Independent of the president, the Atomic Energy Act was passed by Congress in 1946 to create a “regime” for protecting “nuclear-related ‘Restricted Data.’” Congress could create a similar but more ambitious system for declassification.
But the classification reform proposed by senators avoids any confrontation with the White House that might spark accusations that Congress is interfering with the power of the president. It also skirts any conflict with U.S. intelligence agency chiefs.
The National Security Council, which advises the president on security and foreign policy, would likely play a big role in determining the categories of information that should be declassified. The council is made up of the vice president, secretary of state, secretary of defense, secretary of energy, secretary of the treasury, attorney general, secretary of homeland security, the ambassador to the United Nations, the administrator for the agency for international development (USAID), the White House chief of staff, the White House national security advisor, and the chairman of the joint chiefs of staff (a military advisor).
Two of those individuals—the secretary of state and the secretary of energy—would sit on the executive committee for classification and declassification of information. The under secretary of defense for intelligence answers to the secretary of defense, who is part of the NSC.
It is unlikely that this executive committee would ever challenge the advisors from the national security state, who directly influence the president’s decisions, because they are part of the web of secretive intelligence and military institutions that maintain databases filled with billions of secrets.
When U.S. Security Agencies Secretly 'Reclassified' Information
Furthermore, if the bill passed, it might contain a “reclassification” process that would present transparency and open government advocates with an easy way for bureaucrats to undermine everything the legislation is intended to do.
Historian Matthew Aid uncovered a secret “reclassification program” in 2006 that he detailed in a report for the National Security Archive at George Washington University.
“Beginning in the fall of 1999, and continuing unabated for the past seven years, at least six government agencies, including the Central Intelligence Agency (CIA), the Defense Intelligence Agency (DIA), the Defense Department, the military services, and the Department of Justice, have been secretly engaged in a wide-ranging historical document reclassification program at the principal National Archives and Records Administration (NARA) research facility at College Park, Maryland, as well as at the Presidential Libraries run by NARA,” Aid wrote.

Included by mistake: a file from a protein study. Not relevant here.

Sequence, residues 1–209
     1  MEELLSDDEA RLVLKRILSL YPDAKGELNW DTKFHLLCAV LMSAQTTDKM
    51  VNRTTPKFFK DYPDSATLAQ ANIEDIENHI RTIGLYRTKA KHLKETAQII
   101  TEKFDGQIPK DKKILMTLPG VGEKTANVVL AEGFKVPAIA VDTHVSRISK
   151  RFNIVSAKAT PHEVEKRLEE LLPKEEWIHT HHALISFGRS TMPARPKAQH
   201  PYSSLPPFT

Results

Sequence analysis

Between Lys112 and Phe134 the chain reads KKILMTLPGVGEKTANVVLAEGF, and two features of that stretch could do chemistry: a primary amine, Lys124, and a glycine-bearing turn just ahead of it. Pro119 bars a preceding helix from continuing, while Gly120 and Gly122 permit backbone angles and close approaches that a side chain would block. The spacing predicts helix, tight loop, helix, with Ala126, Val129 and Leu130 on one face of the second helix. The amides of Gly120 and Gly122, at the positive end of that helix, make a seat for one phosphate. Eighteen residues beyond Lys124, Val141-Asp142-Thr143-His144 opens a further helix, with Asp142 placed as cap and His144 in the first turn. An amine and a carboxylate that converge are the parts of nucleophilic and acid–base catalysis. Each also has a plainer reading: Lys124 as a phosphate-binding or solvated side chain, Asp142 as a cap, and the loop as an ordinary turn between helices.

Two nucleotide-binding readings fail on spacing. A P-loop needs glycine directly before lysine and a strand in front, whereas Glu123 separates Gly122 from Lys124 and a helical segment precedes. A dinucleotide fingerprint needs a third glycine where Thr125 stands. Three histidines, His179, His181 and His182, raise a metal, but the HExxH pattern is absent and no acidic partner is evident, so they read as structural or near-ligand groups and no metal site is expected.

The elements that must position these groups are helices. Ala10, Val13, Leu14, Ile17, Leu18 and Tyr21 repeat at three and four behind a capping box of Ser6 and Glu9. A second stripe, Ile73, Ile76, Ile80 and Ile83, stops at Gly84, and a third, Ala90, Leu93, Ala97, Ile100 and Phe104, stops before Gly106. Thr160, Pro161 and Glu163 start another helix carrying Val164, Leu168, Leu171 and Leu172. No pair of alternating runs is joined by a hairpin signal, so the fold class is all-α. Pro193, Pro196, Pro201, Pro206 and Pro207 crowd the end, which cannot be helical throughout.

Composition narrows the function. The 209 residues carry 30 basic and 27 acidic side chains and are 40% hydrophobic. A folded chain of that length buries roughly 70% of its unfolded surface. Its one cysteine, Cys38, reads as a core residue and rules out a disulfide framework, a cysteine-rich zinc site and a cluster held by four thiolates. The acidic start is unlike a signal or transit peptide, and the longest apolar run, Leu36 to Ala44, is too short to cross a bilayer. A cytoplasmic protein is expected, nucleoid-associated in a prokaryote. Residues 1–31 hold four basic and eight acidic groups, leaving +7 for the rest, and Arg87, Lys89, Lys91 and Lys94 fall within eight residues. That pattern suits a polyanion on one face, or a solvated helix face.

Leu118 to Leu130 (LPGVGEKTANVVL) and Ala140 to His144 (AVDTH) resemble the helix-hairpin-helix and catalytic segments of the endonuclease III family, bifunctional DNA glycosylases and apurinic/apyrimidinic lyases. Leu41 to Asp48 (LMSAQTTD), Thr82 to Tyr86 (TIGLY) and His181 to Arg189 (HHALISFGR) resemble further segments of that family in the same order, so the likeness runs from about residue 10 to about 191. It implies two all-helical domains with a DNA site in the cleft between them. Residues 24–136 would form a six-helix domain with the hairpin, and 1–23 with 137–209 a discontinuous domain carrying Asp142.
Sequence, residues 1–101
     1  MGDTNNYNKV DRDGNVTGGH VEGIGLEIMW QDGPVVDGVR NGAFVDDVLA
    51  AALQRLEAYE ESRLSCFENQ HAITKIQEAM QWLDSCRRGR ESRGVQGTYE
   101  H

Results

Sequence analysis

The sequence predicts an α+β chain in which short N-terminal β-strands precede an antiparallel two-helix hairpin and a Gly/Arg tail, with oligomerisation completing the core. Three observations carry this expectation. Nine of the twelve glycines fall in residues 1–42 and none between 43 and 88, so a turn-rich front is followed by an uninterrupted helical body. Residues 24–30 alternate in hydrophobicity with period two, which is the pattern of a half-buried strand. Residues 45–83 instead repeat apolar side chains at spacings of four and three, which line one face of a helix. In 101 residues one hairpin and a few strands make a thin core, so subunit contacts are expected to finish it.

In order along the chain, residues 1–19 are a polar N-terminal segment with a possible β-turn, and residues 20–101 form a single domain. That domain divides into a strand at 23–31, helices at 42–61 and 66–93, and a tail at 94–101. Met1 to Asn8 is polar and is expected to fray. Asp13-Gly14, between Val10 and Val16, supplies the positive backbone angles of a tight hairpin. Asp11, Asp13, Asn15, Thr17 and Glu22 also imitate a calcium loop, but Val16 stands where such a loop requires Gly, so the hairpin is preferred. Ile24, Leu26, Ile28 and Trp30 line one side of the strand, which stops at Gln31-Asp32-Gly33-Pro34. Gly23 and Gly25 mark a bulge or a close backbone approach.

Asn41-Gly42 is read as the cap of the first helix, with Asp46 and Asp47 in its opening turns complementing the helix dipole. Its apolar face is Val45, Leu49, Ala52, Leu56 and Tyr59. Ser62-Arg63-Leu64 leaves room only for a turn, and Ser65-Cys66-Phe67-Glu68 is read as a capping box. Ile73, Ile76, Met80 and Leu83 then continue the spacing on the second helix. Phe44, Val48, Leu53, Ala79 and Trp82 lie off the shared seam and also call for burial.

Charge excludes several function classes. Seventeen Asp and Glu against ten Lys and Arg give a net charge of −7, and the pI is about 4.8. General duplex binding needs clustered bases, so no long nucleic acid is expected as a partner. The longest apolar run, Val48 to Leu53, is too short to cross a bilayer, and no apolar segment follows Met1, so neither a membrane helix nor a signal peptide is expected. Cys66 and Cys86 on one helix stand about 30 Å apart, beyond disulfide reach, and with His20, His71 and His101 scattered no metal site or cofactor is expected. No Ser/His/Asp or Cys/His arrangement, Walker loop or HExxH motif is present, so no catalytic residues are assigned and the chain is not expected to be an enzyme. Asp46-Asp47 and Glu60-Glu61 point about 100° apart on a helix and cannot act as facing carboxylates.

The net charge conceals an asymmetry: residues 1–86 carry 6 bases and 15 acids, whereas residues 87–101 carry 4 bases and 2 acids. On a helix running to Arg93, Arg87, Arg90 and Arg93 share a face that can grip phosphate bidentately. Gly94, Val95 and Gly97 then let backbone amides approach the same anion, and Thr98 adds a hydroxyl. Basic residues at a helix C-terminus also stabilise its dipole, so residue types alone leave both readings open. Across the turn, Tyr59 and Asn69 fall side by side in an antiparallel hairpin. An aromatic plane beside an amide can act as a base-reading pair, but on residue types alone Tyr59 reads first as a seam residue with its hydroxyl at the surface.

“Since the reclassification program began, some 9,500 formerly declassified and publicly-available documents totaling more than 55,500 pages have been withdrawn from the open shelves at College Park and reclassified because, according to the U.S. government agencies, they had been improperly and/or inadvertently released.”
This happened because President Bill Clinton signed an executive order related to classified “national security” information that required U.S. agencies to “declassify all of their historical records that were 25 years old or older by the end of 1999, except for those documents that fell within certain specified exempt categories of records, such as documents relating to intelligence sources and methods, cryptology, or war plans still in effect.”
The CIA and various other U.S. intelligence agencies resisted procedures requiring the mandatory release of information. Together, the most influential parts of the national security state united to convince the National Archives that thousands of records should have never been disclosed to the public.
Such an episode could easily happen again if Congress includes a provision establishing the “reclassification” of records. Like the Clinton executive order, the bill would instruct agencies to automatically declassify information “25 years after the date” it was marked classified.
On top of that, there are sections that allow the president to postpone the release of records. The president would be able to postpone declassification after something has been classified for 25 years—for up to 10 additional years.
That postponement could be applied to a record that is over 50 years old (like many of the files related to the assassination of President John F. Kennedy that are still classified).
Senator Ron Wyden, one of the senators who unveiled the legislation, is correct that “far too many records are classified." omething has to be done to deal with the problem. However the solution cannot possibly be empowering the president and the very agencies that have thrived off government secrecy so that they have more control over when they relinquish control over information.
Congress has to carve out a bigger role for itself or else nothing will fundamentally change.